A quiet transformation is happening in the skies above Southern Africa. A new wave of intra-regional aviation is connecting communities, empowering economies and opening routes for tourism and trade across the SADC (Southern African Development Community) region.
For those of us in the travel and economic development, this is incredibly heartening news. The growing momentum of collaborative initiatives like Iata’s Focus Africa and efforts by Afraa (African Airlines Association) to promote air connectivity, signal that aviation has taken flight as a strategic priority across the region.
The power of connectivity
Aviation is not simply about covering distances; it's about bridging economic gaps. In Africa, where air travel accounts for just 2% of global market, the potential for aviation to transform economies is immense. Iata estimates that a 10% increase in air connectivity can boost a country’s GDP by 0.5%.
Each additional daily flight between two trading partners increases bilateral trade by 8-15%. At least 55% of international tourists now travel to their destinations by air.
Recognising aviation’s power of connectivity, SADC member states are now making concerted efforts to improve aviation infrastructure, open their skies, and attract new carriers. The recent increase of flight frequencies and new routes by airlines like FastJet, FlySafair and CemAir are positive developments in line with a broader regional commitment to elevate aviation.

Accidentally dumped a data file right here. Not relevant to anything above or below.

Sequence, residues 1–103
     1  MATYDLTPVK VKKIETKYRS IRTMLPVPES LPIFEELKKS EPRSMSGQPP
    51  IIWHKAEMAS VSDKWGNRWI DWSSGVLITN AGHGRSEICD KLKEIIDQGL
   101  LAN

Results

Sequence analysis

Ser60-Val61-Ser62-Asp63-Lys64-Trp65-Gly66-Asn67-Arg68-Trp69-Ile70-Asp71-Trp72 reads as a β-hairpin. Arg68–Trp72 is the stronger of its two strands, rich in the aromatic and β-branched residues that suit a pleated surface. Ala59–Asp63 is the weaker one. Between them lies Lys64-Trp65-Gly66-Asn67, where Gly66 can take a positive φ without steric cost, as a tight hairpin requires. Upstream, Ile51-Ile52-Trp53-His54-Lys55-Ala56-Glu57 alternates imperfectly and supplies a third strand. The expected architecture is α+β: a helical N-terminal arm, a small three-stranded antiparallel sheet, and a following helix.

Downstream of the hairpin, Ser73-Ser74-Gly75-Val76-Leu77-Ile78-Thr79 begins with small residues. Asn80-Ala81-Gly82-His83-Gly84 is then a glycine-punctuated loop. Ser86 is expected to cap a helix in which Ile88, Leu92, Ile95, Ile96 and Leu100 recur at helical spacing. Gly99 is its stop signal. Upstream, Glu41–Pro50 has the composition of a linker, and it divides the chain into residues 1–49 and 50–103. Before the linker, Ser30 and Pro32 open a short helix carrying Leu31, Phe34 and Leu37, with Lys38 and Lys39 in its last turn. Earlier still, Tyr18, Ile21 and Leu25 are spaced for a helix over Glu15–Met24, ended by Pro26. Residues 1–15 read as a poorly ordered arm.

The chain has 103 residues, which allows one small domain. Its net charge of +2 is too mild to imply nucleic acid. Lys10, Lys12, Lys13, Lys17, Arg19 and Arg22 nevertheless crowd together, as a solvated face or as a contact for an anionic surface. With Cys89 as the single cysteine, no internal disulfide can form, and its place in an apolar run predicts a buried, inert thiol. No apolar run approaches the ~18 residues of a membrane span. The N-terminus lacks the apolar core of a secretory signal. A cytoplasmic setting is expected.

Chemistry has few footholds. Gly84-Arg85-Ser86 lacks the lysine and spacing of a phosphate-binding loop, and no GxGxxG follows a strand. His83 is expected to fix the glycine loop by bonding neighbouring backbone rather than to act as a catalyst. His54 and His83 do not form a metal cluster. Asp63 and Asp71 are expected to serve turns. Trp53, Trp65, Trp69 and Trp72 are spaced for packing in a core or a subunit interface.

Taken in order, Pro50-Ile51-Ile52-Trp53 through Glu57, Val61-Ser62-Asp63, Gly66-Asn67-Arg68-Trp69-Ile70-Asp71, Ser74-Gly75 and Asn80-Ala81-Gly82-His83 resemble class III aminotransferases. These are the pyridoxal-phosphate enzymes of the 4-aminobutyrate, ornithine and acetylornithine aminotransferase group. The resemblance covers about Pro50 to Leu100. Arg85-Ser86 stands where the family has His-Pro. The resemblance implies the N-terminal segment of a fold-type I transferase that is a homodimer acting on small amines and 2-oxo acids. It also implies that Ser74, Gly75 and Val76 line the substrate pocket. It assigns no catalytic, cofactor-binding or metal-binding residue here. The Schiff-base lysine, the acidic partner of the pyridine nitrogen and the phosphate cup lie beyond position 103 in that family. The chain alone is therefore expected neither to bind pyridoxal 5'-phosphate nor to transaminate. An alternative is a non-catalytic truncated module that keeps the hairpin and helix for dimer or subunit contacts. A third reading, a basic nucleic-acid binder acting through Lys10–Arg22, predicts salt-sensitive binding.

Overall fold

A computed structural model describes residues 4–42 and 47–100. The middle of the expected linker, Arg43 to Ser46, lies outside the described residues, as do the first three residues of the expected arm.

We’re taking off
Other promising updates in the past year demonstrate an upward trajectory for air connectivity in the SADC region:
- Fastjet Zimbabwe launched the Victoria Falls to Nelspruit and Victoria Falls to Maun routes in 2022. The airline now serves five domestic destinations.
- CAAZ granted FlySafair and CemAir foreign operator permits for Harare and Victoria Falls routes in 2022.
- Airlink resumed its Johannesburg to Antananarivo flights in 2022 after Madagascar reopened its borders after COVID.
- Eswatini Air launched a new Eswatini to Harare route.
- Proflight launched its twice weekly flights between Lusaka and Cape Town.
- LInhas Aerias Moçambicanas connects Mozambique to Cape Town with a direct flight from 15 October
- SAATM membership has climbed to 23 countries, with more expected to join the single African air market.
The focus on improved air connectivity is welcome news indeed for players like the newly formed SADC Business Council Tourism Alliance, comprising private-sector tourism industry associations across the region. Air access is but one of the priority areas for the Alliance as it works with the SADC Secretariat on a unified SADC Air Access Strategy along with other initiatives such as skills development, reputation management across the region and ease of travel across SADC borders.
Such collaboration is crucial if we are to fulfil the promise of seamless travel within the region promised by the Single African Air Transport Market (SAATM). As it stands, SADC accounts for just 1.1% of global scheduled flights and many key routes remain underserved or not served at all.
Taking tourism to new heights
Increased air connections are already bearing fruit for major safari destinations like Maun and Victoria Falls. Currently, 80% of travellers must connect through at least one hub to reach Africa’s safari destinations. New routes mean that travellers have more options, ease of travel and lower airfares.